The way I run (don’t like this verb or “manage” very much but can’t think of a better one tonight) my classroom is based on the New Tech mantra of “Trust, Respect, and Responsibility.” It is also based on relationships. I feel like there are often too many rules trying to “control” students.

Some teachers use pseudo-responsibility where they set up a rule knowing students will break it justifying the teacher to take away privileges. “I will let you chew gum as long as you are responsible.” One week later there is gum on the floor and no one can chew gum for the rest of the year. Later the teacher brags about how students were given responsibility and abused it and lost privileges. I think the teacher planned this from the get go and students were set up. This does not build trust.

Photo by me

The other day some students in my class were eating marshmallows by throwing them into the air and trying to catch them: challenging, entertaining, and a major distraction. I went over and asked them what our agreement for food in the classroom was. “We can eat it as long as it is not a distraction” they replied. Then one student argued it was not a distraction. I told them it was for me and another student quickly put them away and it was done.

There was no argument, punishment, or consequence. I treated them as adults and pointed out the problem and they quickly solved it and got back to work. I also maintained a good relationship because I was not out to “get them in trouble.” By focusing on the behavior and not banning food I put real responsibility on them and did not turn the situation into a power struggle.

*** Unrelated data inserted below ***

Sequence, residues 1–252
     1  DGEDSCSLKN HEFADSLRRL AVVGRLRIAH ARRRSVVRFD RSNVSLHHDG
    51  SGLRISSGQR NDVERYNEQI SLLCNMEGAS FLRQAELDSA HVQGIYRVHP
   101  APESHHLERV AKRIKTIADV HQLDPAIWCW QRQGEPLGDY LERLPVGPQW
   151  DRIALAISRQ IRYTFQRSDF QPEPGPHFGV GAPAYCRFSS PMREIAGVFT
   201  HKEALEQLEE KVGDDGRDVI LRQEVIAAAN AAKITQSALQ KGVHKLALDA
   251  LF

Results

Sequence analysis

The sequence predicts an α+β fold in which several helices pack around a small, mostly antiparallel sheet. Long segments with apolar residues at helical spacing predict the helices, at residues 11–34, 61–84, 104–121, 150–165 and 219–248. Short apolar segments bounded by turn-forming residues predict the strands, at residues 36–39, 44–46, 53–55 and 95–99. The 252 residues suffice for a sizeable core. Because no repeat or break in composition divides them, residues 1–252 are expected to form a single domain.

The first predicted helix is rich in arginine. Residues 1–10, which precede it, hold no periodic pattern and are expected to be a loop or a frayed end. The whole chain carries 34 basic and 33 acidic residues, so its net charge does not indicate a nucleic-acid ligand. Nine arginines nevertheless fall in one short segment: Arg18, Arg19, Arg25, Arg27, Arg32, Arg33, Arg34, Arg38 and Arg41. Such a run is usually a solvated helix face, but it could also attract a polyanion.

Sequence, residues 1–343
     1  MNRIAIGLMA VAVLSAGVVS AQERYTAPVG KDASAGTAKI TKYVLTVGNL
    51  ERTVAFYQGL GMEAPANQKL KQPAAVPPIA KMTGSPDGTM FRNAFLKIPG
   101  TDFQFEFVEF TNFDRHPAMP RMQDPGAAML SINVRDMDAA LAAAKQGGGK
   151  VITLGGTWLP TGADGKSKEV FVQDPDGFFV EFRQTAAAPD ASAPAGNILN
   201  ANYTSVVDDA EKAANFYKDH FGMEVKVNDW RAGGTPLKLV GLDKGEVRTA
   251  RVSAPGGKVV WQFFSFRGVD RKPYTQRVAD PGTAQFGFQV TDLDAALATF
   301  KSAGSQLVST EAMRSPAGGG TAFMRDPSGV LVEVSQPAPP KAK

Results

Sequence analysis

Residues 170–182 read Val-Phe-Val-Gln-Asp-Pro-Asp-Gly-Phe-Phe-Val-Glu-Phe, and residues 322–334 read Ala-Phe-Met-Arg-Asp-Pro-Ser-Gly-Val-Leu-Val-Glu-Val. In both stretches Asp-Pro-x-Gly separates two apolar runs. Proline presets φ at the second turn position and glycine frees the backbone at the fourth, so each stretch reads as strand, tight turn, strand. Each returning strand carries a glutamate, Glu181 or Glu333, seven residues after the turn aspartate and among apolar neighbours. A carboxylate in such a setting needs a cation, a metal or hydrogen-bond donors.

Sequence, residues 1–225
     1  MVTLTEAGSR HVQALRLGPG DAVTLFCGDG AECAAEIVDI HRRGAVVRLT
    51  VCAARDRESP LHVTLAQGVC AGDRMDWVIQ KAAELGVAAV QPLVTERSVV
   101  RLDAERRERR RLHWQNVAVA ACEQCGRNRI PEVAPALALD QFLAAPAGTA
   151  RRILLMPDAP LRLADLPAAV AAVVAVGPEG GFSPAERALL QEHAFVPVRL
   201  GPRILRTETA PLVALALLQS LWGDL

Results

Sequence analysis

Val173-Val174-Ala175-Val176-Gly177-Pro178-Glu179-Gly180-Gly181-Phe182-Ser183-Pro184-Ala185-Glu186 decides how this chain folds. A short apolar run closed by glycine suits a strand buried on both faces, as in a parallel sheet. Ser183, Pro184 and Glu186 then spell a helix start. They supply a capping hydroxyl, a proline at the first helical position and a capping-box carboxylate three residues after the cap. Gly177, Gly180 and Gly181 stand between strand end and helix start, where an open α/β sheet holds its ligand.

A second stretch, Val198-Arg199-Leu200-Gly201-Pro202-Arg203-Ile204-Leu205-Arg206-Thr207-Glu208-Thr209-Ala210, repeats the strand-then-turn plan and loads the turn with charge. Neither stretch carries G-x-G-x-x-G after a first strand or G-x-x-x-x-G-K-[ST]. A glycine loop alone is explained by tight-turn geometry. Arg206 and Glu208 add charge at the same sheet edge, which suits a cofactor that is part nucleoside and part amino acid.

Too many times in schools we want to ban things (hats, hoodies, gum, food, rubberbands, Facebook, Youtube, etc) but students will always come up with a new distraction. If instead we focused on re-directing their behavior, students would see us as allies instead of adversaries. It’s a wast of time and harms relationships to argue over trivial things that have nothing to do with learning.

2 thoughts on “Marshmallows

  1. John-Squared

    Agreed! I would add that, at least in my experience, this type of environment causes the student to naturally focus on their own behavior rather than “getting away with it” or “seeing if the teacher will notice”. A much more valuable thought process!

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